Learn how to customize your Design Sprint to get the most value out of it. This article is a practical guide, based on a real-life client case, to get you started.

Image for post
Image for post
Workshop participants translating ideas and concepts into User Stories

Recently I was asked to design and facilitate a workshop for a governmental institution. They were looking for a new online platform to promote and support their start-up innovation program. The initial aim was to use a user-validated brainstorm approach, like a (Google) Design Sprint, where we would generate and validate different platform concepts. However, during several conversations in preparation of the workshop, it turned out that it was not yet decided whether they would develop the platform from scratch or preferred to leverage an existing market solution.

Conducting a market consultation to explore what is available in the market can be a tedious exercise. I have experience with using Journey Maps and User Stories instead of creating long requirement lists. This makes a market consultation more user oriented, tangible and fun. That is how the idea popped-up; what if we use a Design Sprint to work towards a list of User Stories? This way we would be able to conduct a market consultation to explore possible alternatives, while at the same time getting a better understanding of our users, alignment of our own expectations and, above all, room to come-up with creative and innovative ideas. …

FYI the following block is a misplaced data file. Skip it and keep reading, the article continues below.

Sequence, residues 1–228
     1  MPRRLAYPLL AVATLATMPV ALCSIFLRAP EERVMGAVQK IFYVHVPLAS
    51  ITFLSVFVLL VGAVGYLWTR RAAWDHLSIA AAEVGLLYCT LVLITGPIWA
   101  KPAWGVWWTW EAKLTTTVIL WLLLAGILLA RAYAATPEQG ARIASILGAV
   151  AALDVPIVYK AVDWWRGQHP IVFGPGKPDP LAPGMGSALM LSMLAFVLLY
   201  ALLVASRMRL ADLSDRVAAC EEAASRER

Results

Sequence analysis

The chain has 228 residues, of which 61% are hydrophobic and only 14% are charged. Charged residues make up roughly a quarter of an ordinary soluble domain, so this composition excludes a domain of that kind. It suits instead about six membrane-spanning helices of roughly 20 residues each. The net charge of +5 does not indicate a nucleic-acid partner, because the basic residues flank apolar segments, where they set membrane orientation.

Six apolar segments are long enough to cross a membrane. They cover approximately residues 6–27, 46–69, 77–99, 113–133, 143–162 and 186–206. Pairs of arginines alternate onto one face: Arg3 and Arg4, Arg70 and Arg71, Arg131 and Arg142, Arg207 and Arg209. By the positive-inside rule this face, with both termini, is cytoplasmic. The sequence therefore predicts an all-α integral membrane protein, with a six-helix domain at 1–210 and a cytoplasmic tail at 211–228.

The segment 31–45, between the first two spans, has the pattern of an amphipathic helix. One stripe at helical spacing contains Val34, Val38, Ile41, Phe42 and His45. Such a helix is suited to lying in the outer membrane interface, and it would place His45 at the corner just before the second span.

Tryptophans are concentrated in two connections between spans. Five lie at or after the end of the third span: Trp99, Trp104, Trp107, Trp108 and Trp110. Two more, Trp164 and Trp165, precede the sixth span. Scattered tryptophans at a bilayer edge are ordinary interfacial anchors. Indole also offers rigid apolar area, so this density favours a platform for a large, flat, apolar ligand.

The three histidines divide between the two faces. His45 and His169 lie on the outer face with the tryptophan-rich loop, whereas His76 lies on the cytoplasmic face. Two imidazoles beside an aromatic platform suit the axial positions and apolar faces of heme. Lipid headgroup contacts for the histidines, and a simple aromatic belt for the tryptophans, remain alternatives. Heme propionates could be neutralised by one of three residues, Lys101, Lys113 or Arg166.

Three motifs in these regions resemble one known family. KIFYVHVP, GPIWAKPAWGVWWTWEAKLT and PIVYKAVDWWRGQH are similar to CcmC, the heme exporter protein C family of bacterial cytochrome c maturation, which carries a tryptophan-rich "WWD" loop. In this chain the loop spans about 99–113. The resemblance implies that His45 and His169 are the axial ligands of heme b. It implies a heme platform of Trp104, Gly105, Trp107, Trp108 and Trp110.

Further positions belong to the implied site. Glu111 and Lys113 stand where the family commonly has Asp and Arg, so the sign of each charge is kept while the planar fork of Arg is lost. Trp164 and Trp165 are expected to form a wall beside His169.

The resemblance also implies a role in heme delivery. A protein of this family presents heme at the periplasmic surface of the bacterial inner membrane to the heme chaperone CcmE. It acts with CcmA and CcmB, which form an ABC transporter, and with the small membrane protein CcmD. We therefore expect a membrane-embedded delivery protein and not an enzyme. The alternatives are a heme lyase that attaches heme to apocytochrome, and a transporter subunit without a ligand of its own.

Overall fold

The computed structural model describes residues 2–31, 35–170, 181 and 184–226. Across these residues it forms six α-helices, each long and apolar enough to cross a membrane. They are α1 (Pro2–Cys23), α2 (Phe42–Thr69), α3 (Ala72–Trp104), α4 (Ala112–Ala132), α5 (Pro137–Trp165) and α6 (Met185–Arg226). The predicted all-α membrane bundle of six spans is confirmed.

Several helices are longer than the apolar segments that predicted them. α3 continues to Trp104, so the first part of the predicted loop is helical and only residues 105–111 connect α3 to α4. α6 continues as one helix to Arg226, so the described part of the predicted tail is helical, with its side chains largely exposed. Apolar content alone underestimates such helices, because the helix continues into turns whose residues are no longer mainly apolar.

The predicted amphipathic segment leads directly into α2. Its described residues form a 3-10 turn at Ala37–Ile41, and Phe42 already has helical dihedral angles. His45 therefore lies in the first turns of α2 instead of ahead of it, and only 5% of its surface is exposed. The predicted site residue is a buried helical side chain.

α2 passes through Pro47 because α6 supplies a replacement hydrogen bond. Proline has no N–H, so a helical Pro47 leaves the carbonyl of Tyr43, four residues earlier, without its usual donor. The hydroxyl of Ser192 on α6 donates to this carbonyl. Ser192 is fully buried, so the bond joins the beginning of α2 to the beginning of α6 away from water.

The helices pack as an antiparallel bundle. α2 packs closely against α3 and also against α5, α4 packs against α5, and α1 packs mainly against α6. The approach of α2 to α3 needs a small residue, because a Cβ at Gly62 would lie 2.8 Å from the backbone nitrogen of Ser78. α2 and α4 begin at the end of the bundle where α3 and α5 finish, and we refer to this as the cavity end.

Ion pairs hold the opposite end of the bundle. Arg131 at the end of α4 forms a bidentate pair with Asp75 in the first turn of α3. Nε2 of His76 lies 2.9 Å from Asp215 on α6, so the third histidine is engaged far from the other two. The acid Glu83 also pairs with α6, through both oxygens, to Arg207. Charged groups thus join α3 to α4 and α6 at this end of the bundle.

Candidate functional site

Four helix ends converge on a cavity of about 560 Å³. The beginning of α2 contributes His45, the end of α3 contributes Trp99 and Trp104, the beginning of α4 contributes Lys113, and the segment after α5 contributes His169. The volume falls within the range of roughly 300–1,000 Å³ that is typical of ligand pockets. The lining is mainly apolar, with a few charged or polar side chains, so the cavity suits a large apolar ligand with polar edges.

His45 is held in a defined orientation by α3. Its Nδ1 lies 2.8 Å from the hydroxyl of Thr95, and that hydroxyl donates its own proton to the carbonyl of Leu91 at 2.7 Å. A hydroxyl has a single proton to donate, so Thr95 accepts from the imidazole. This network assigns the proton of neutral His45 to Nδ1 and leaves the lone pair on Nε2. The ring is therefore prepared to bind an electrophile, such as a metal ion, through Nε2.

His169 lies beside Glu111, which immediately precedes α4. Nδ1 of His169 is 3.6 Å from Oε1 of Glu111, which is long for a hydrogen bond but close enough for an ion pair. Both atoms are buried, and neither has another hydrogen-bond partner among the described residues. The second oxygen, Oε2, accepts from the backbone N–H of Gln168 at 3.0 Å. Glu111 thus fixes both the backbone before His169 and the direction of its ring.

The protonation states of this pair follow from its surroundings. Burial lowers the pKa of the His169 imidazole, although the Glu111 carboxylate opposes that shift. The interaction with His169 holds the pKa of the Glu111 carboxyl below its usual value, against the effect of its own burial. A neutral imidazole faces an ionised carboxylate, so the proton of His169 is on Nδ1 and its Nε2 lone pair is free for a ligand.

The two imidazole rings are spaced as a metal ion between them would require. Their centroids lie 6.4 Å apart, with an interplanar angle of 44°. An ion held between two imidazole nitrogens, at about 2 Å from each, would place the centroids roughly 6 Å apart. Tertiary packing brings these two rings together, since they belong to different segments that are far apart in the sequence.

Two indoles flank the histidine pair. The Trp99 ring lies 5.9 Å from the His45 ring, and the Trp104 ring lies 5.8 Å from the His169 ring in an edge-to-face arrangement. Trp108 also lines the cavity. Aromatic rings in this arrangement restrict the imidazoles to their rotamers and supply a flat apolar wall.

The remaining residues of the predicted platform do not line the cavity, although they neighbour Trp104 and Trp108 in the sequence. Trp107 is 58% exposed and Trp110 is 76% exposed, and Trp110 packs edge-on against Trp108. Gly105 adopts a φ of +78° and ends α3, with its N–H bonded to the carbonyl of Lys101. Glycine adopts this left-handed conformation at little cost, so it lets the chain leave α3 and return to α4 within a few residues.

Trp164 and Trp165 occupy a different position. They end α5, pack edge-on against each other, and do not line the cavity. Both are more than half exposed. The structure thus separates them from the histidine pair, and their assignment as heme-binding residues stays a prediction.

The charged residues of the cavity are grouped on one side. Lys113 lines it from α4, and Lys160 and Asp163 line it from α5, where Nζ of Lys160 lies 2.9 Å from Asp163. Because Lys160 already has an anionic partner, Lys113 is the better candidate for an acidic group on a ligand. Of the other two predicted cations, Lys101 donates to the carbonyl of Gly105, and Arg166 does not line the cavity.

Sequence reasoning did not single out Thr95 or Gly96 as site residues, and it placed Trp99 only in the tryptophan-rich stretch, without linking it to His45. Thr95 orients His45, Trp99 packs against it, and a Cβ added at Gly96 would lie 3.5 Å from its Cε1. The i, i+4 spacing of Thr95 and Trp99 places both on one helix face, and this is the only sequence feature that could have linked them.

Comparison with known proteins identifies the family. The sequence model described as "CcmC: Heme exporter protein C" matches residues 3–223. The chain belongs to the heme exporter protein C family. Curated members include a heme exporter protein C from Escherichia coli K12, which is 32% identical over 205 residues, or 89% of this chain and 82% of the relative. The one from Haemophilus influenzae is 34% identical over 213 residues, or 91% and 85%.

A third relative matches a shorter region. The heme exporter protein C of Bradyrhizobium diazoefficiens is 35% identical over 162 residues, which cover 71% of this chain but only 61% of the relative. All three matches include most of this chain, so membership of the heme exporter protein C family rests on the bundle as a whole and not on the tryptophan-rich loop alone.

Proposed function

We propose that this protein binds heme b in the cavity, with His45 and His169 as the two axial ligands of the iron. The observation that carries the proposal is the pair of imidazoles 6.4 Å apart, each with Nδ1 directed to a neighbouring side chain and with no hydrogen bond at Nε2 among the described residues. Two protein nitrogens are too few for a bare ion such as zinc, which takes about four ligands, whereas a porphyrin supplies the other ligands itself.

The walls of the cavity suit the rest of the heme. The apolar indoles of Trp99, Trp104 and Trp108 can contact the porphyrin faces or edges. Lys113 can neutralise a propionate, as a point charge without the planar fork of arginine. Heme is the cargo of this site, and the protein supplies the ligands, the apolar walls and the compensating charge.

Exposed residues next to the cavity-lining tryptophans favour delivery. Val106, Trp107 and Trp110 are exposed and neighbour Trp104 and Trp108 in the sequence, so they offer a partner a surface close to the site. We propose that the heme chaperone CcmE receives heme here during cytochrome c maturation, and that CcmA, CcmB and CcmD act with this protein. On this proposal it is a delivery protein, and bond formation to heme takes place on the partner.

Image for post
Image for post

Our cities are undergoing fundamental change, requiring us to organize ourselves differently so that different interests can be heard and incorporated. Supported with examples from Amstel III, a transformation area in Amsterdam, this article introduces a new approach to overcome urban transformation challenges we are facing now: collaborative urban development.

The principles (1) build a local collective, (2) design the process, not the end-result and (3) make it tangible and concrete are the building blocks of collaborative urban development. …

Design Thinking is a popular innovation methodology to address complex challenges from a human-centered perspective. However, through my experience in architecture and service design, I see that one essential part of a designer’s mindset is often lacking in the use of this methodology: the organizational context in which we try to innovate.

I believe that with consciously considering the organizational context within the design thinking process in an early stage, it can be leveraged as your unfair advantage towards your competitors. …


Tim van den Heuvel

Senior Project Manager and Service Designer

Get the Medium app

A button that says 'Download on the App Store', and if clicked it will lead you to the iOS App store
A button that says 'Get it on, Google Play', and if clicked it will lead you to the Google Play store